Healthy doses of pork in Health care bill

Rick Moran
When Congress proposes spending hundreds of billions of dollars on anything, be it health care or some weapons system - there are always a few members perfectly willing to pork up the bill with totally unrelated spending.

Usually, the non-germane items are shoehorned into the bill just to assure that member's vote on the final package. And as is the usual practice, the health care bill has it's fair share of totally useless projects.

Michael Kranish of the Boston Globe has read the health care bill so you don't have to:

Tucked within is a provision that could provide billions of dollars for walking paths, streetlights, jungle gyms, and even farmers' markets. The add-ons - characterized as part of a broad effort to improve the nation's health "infrastructure'' - appear in House and Senate versions of the bill.

Critics argue the provision is a thinly disguised effort to insert pork-barrel spending into a bill that has been widely portrayed to the public as dealing with expanding health coverage and cutting medical costs. A leading critic, Senator Mike Enzi, a Wyoming Republican, ridicules the local projects, asking: "How can Democrats justify the wasteful spending in this bill?''

But advocates, including Senator Edward M. Kennedy of Massachusetts, defend the proposed spending as a necessary way to promote healthier lives and, in the long run, cut medical costs. "These are not public works grants; they are community transformation grants,'' said Anthony Coley, a spokesman for Kennedy, chairman of the Senate health committee whose healthcare bill includes the projects.

"If improving the lighting in a playground or clearing a walking path or a bike path or restoring a park are determined as needed by a community to create more opportunities for physical activity, we should not prohibit this from happening,'' Coley said in a statement.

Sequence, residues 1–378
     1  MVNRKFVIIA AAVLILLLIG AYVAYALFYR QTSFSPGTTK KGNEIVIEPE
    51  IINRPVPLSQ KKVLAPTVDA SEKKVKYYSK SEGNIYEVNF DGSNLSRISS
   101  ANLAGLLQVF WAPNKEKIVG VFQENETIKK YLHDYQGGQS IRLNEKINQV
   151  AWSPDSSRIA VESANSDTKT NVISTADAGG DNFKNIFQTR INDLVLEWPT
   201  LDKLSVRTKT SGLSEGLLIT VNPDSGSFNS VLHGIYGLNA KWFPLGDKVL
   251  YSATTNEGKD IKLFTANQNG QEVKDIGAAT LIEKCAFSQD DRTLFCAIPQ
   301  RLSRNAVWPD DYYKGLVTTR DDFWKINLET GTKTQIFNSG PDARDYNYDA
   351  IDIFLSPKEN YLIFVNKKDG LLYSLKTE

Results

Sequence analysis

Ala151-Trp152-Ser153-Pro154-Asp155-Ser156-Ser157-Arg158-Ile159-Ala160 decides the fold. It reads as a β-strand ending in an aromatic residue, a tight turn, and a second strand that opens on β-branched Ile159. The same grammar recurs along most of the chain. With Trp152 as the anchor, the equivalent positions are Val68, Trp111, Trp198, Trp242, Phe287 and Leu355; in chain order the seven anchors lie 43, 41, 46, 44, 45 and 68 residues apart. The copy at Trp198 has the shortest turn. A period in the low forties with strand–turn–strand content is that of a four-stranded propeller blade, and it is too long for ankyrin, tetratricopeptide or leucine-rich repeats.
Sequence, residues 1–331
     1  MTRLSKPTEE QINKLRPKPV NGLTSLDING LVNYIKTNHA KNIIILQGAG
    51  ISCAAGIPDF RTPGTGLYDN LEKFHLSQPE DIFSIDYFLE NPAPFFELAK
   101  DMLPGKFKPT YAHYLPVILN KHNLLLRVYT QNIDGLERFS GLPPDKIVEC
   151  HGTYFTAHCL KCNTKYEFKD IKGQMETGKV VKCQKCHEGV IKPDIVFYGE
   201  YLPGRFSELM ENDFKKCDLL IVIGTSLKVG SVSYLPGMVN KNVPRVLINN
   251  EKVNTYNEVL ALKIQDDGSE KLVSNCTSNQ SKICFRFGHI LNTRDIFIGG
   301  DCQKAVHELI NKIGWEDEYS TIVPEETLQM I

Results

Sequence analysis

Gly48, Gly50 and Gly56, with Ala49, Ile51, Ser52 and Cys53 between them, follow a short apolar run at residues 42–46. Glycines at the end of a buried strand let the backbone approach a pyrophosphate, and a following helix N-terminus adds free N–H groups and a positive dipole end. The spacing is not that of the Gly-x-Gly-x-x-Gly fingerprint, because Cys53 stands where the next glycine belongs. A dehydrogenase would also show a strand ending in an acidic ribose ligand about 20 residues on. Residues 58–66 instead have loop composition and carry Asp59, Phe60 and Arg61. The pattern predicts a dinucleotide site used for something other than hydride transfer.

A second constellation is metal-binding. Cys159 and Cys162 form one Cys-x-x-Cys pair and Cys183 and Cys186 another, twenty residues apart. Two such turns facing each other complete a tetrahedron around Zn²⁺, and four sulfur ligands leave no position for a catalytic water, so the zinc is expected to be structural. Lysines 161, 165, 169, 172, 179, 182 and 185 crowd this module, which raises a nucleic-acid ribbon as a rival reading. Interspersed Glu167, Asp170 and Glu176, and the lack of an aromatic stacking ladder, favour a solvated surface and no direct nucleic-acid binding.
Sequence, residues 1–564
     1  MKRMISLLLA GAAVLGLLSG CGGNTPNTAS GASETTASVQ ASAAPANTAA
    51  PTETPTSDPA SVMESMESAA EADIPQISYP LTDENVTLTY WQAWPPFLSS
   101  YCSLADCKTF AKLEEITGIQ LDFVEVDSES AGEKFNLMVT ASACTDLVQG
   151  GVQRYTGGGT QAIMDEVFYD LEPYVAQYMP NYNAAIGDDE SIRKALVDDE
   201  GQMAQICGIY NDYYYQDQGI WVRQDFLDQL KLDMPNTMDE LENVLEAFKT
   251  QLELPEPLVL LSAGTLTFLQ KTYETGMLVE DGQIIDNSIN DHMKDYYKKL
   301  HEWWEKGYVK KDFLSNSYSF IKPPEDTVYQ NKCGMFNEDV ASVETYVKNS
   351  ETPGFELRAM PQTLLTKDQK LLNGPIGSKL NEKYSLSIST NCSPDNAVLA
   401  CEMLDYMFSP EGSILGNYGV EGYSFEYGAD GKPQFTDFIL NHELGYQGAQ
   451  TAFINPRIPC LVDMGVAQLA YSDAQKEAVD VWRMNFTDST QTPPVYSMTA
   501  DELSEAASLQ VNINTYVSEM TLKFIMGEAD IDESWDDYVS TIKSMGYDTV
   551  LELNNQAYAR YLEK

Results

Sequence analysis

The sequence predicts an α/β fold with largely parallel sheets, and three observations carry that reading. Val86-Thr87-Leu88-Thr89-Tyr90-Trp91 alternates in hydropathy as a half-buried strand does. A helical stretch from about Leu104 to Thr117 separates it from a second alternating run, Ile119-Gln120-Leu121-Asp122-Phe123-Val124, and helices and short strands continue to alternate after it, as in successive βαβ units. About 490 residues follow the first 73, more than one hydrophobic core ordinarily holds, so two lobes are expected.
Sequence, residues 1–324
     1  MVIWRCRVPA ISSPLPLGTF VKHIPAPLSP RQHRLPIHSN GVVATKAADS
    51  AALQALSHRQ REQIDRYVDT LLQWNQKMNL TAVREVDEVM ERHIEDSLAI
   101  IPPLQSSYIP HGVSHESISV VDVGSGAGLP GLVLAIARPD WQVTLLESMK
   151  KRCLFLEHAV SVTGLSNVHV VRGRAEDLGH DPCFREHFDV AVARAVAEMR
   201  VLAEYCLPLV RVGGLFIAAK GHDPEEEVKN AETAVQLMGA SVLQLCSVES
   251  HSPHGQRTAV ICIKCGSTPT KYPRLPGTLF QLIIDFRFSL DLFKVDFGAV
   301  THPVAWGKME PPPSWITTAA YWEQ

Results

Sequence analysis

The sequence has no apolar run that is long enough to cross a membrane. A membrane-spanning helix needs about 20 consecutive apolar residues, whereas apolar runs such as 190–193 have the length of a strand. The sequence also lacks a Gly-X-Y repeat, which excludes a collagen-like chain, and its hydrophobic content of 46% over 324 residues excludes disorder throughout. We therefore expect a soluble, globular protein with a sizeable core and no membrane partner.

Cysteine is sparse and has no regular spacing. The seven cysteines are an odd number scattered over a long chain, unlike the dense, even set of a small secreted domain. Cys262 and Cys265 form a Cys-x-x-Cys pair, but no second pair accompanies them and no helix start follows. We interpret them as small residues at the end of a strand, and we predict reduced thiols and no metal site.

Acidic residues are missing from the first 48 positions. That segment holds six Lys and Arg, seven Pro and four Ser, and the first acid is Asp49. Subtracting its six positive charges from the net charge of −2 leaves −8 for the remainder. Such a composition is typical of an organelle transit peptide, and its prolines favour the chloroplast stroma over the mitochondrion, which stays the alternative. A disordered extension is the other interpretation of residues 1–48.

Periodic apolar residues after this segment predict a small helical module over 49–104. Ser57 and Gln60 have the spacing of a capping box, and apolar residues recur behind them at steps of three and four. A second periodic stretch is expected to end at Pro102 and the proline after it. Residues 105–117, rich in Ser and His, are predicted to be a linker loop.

There is not one scintilla of evidence that lighting in a playground reduces health care costs. There is plenty of evidence, however, that the member who gets such goodies for his district can boast about it come election time.

I can't wait for Kranish and other journalists to go through this bill. This time, instead of calling it "porkolicious," let's refer to it as "Porkorama" - just so we can keep it straight in our minds.

Hat Tip: Ed Lasky




When Congress proposes spending hundreds of billions of dollars on anything, be it health care or some weapons system - there are always a few members perfectly willing to pork up the bill with totally unrelated spending.

Usually, the non-germane items are shoehorned into the bill just to assure that member's vote on the final package. And as is the usual practice, the health care bill has it's fair share of totally useless projects.

Michael Kranish of the Boston Globe has read the health care bill so you don't have to:

Tucked within is a provision that could provide billions of dollars for walking paths, streetlights, jungle gyms, and even farmers' markets. The add-ons - characterized as part of a broad effort to improve the nation's health "infrastructure'' - appear in House and Senate versions of the bill.

Critics argue the provision is a thinly disguised effort to insert pork-barrel spending into a bill that has been widely portrayed to the public as dealing with expanding health coverage and cutting medical costs. A leading critic, Senator Mike Enzi, a Wyoming Republican, ridicules the local projects, asking: "How can Democrats justify the wasteful spending in this bill?''

But advocates, including Senator Edward M. Kennedy of Massachusetts, defend the proposed spending as a necessary way to promote healthier lives and, in the long run, cut medical costs. "These are not public works grants; they are community transformation grants,'' said Anthony Coley, a spokesman for Kennedy, chairman of the Senate health committee whose healthcare bill includes the projects.

"If improving the lighting in a playground or clearing a walking path or a bike path or restoring a park are determined as needed by a community to create more opportunities for physical activity, we should not prohibit this from happening,'' Coley said in a statement.

There is not one scintilla of evidence that lighting in a playground reduces health care costs. There is plenty of evidence, however, that the member who gets such goodies for his district can boast about it come election time.

I can't wait for Kranish and other journalists to go through this bill. This time, instead of calling it "porkolicious," let's refer to it as "Porkorama" - just so we can keep it straight in our minds.

Hat Tip: Ed Lasky